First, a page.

Our recent landing page case study on Thread.com (read here) was well received so we thought that we would do another one.

One that came to our attention (thanks to Simon our senior ppc account manager) recently was Bellroy Wallets¬†which is a clean, well laid out site, their concept is to “slim your wallet” and the value proposition is “Same 10 Cards & Cash. Very Different Wallets.” The main image on the home page is shown below :

This is a nice concept, visually the sleek wallet on the right is more attractive so by using the image (doesn’t hurt that the other wallet is old and a little tatty, and the image is set on a beach either) they instantly show what their wallets do for people.

More interestingly from a marketing point of view they have a dedicated landing page where they are pushing paid traffic. This can be accessed from the home page under the “Take the challenge” ¬†link.

The “slim your wallet” landing page is a great model to follow to build attention, interest, desire then action, it’s not only well designed it’s interactive too!

Upon hitting the landing page you’ll see this :

1) Good logo placement, not too big, not too small.
2) Text implies you are going to learn, not be sold to.
3) Prominent value proposition.
4) Good use of imagery, old = bad, new = good!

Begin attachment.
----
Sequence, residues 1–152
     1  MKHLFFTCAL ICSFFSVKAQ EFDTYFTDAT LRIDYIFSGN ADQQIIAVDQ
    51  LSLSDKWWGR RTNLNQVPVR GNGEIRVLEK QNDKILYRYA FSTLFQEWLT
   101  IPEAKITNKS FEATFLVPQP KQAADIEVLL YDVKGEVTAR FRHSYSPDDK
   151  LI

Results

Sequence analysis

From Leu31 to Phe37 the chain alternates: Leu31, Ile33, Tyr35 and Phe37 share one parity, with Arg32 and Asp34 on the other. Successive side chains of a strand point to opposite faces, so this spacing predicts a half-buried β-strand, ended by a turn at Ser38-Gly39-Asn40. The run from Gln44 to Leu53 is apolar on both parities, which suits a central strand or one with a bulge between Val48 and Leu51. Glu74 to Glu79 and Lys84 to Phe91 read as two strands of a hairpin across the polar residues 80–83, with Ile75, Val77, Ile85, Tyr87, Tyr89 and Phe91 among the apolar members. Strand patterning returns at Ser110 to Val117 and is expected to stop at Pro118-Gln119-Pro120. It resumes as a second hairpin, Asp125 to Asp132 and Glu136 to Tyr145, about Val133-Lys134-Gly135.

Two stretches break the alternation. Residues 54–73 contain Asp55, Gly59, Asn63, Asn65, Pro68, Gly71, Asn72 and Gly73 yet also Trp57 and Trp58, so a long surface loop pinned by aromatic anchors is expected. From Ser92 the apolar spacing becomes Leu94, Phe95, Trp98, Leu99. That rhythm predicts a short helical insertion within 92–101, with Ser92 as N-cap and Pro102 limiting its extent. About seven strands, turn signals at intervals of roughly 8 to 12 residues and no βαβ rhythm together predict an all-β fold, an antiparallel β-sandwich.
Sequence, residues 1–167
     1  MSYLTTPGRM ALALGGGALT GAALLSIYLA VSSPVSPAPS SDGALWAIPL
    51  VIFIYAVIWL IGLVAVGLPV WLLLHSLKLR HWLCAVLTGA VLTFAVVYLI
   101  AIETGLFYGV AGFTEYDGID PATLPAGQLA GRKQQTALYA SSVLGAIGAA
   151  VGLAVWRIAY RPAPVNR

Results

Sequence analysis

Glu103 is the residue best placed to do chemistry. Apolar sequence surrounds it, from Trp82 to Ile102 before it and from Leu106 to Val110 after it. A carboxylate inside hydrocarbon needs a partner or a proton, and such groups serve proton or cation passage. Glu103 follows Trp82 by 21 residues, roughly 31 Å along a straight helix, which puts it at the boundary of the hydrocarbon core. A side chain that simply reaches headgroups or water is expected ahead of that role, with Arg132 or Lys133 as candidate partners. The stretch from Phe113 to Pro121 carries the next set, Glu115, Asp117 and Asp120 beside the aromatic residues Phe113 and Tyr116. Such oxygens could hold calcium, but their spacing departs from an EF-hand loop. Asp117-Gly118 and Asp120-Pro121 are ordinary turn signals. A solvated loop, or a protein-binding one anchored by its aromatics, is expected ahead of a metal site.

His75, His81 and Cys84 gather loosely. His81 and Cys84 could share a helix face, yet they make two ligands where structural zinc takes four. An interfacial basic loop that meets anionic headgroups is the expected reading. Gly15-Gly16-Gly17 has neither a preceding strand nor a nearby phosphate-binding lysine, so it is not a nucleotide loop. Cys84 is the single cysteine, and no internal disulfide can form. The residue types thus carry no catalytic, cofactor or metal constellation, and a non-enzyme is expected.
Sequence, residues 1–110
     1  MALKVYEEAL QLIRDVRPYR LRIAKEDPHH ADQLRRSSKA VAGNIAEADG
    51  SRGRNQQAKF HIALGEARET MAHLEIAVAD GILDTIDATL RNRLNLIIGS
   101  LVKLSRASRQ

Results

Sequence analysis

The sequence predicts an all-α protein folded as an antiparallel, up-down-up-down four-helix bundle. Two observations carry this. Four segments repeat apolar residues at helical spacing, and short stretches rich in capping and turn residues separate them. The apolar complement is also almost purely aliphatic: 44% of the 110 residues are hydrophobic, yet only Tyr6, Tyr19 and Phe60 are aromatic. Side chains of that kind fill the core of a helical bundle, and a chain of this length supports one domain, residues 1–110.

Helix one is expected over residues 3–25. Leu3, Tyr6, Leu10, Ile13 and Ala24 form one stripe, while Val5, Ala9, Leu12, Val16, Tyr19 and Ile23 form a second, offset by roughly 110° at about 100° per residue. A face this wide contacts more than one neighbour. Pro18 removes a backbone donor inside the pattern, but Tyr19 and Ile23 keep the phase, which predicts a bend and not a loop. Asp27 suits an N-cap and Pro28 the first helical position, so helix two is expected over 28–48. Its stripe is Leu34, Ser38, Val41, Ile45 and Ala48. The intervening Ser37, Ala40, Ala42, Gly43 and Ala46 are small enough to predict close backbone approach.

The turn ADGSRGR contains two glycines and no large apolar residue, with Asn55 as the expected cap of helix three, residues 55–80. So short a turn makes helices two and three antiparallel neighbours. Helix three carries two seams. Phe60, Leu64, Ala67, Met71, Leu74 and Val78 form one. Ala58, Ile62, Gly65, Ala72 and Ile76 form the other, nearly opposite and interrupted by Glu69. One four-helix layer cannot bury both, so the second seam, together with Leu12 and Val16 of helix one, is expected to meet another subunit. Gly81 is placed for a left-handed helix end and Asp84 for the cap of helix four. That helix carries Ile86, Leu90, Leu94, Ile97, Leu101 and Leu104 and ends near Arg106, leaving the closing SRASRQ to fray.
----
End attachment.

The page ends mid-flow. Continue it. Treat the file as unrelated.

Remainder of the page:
5) Call to action; ‘scroll down to learn how’.

Upon scrolling down the landing page you’ll see the next section :

6) Progress steps, let users know where they are, sets expectations up too : step 1 of four
7) Tell them what they are going to learn.
8) Section heading, imaginatively titled.
9) Preamble to section, builds attention.
10) Interactive button, when clicked shows huge stuffed wallets.
11) Concise sub heading.
12) Well placed imagery and bullet pointed text boxes.
13) Breadcrumb trail to pull you to the next section.

The next section of the landing page moves to “fix the problem” mode :

14) Showing where the user is; Step two of four.
15) Tell them what they are going to learn.
16) Section heading.
17) Call to action; Take your wallet out.
18) Breadcrumb to keep eyes moving down the page.
19) Educate the user; Tip section.
20) Good use of imagery, too much text is no good!
21)  Interactive area, too much reading is boring, clicking helps keep interest.
22) Concise but useful tip text.
23) Indicator that there are two more images to see, not everyone will see the < and > symbols.

The next screen on the landing page is the “finish” screen on the education side of the page :

24) Breadcrumb trail leading the eye every downwards.
25) Big “you did it” congratulations sign.
26) Statement of accomplishment.
27) Great use of moving imagery; slowly bounces up and down.
28) Positive statement.
29) Call to action to press the button.
30) Call to action to “become a slim ninja” (jumps to next section if pressed)
31) Breadcrumb trail, it’s worked so far so why not one more time!

The next section on the landing page is to consolidate what their offering is, part 1) :

32) Different background colour, conveys different content, breaks the monotony up too.
33) Telling the user where they are; step three of four.